We’ve launched Secrets of Success, a new weekly interview series here at Web.com’s Small Business Forum. I’ve asked some of the smartest, most innovative, most successful people I know to share their insights and success secrets.
Meet: Allen Dikker, the founder and owner of Potatopia, a potato-focused restaurant chain. Allen is a serial entrepreneur—in the past 10 years he’s successfully launched five businesses. In 2008 his media business took a hit from the recession, and Allen decided to pursue his “true passion” and create a quick-service restaurant, but one that was different from what existed in the marketplace.
While searching for the perfect “vehicle” to build his restaurant around, he realized that potatoes were both “versatile and popular,” and pairing them with fresh sauces could be the answer.
Allen did his homework, even “shadowing” employees at a local sandwich shop, and launched Potatopia, an all-potato concept featuring high-quality ingredients and his signature sauces, in 2011. Potatopia has grown to three locations, and franchising plans are underway.
Rieva Lesonsky: What did you want to be when you grew up?
Allen Dikker: Ever since I was 10 years old, I was training to be a professional tennis player. However, I always dreamed of becoming a professional football or baseball player.
Lesonsky: Why did you start your own business?
DIkker: From an early age, I had an interest in branding, and always dreamed that one day I would create my own brand. At that time I did not have a specific industry in mind, but as I got older and developed a passion for cooking for my family, I decided to go into the restaurant/franchising business, which is why I started Potatopia.
Lesonsky: Did you experience a pivotal moment on your way to success?
Dikker: Earlier in my career, I owned my first business, which was a media company. My partners and I went to a convention to entice people with our product. However, there was a lot of competition at this event, and no one was really interested in what our company had to offer.
In the middle of the event, a well-known executive in the media industry arrived, and instead of shying away from him as most people at the event did, I went over to him and introduced myself. He was wearing tennis shoes, so with my experience as a tennis player, I broke the ice, noting I had played tennis my entire life and that I’d love to play with him sometime. Then, as anxious as I was, I invited him over to my company’s booth and pitched him my product, which he ended up liking. That was the first deal of my career.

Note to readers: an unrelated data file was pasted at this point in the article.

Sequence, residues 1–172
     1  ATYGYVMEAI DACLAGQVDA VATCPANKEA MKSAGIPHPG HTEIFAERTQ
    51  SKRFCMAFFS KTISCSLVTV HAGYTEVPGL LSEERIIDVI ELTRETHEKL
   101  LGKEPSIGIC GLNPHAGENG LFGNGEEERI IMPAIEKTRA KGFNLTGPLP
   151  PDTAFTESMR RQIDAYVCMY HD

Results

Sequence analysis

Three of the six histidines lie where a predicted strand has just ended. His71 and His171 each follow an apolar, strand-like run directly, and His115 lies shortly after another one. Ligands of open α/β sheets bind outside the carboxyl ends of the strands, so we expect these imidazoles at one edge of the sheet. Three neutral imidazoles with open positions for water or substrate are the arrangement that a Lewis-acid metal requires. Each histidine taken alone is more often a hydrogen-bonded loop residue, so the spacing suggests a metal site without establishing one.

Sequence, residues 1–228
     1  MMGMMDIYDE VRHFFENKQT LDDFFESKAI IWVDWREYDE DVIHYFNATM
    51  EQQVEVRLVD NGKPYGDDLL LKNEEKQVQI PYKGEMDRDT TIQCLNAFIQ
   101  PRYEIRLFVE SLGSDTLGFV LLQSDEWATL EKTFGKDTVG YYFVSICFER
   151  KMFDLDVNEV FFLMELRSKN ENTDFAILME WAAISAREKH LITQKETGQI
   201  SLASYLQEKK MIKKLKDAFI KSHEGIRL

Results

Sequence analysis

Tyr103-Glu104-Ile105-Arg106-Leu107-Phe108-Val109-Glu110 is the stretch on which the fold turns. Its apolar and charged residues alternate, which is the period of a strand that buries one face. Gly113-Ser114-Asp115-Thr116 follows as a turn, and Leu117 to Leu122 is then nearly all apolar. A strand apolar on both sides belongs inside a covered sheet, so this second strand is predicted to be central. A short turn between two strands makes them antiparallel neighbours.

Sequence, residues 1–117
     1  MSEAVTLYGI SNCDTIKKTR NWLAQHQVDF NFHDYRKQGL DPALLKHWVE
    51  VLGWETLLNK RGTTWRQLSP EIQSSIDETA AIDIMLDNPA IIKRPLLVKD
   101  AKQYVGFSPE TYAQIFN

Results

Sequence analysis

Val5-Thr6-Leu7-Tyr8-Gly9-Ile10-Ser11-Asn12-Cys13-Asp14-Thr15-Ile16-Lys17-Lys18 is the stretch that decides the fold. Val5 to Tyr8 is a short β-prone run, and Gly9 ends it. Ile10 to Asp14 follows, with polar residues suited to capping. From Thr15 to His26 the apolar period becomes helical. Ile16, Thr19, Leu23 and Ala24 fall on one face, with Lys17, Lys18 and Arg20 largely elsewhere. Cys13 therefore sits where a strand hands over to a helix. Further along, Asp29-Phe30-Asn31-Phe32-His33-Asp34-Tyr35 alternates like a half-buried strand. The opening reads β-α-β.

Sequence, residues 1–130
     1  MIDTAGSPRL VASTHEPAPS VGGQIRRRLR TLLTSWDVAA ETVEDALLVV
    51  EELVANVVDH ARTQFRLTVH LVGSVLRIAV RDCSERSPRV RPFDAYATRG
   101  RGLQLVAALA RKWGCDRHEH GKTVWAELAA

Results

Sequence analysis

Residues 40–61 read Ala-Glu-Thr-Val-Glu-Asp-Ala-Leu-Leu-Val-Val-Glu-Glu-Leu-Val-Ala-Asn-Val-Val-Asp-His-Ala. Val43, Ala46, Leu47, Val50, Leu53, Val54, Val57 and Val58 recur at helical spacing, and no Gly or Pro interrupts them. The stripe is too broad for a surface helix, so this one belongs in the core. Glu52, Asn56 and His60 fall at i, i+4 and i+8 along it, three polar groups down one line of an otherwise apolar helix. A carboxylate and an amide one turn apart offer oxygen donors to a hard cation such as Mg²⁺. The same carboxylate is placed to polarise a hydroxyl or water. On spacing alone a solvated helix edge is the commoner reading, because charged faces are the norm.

To this day, I still have a relationship with this man. That moment at that event taught me a life lesson that I carry with me every day: You have to go after what you want, and believe in yourself no matter what. The higher the risk, the greater the reward.
Lesonsky: What’s the best small business advice you ever gave and/or received?
Dikker: The best small business advice I’ve ever received was given to me when I walked up to a CEO I had admired for years at a tradeshow.
The best advice I can provide is to make it a point to study the industry you are in, and speak to industry leaders whom you admire and learn from them. In this case, the advice the CEO gave to me, which has really stuck with me through the years, is “Remember, Allen, one potato at a time.” This advice has been crucial in dealing with customers.
Lesonsky: What’s one “best practice” more entrepreneurs should be embracing?
Dikker: I believe that for any entrepreneur to succeed they must have a strong team behind them. Once you have the right people who believe in your vision, they can be more involved in your goals for your company and brand.
Lesonsky: Do you have a small business prediction for the rest of the year?
Dikker: I predict that small businesses will lead the way in mobile payment options for customers.
Lesonsky: Do you have a favorite book?
Dikker: Malcolm Gladwell’s Outliers.
Lesonsky: Is there a quote you find particularly inspiring?
Dikker: “Everyone has ideas, but genius is the execution of the idea.”
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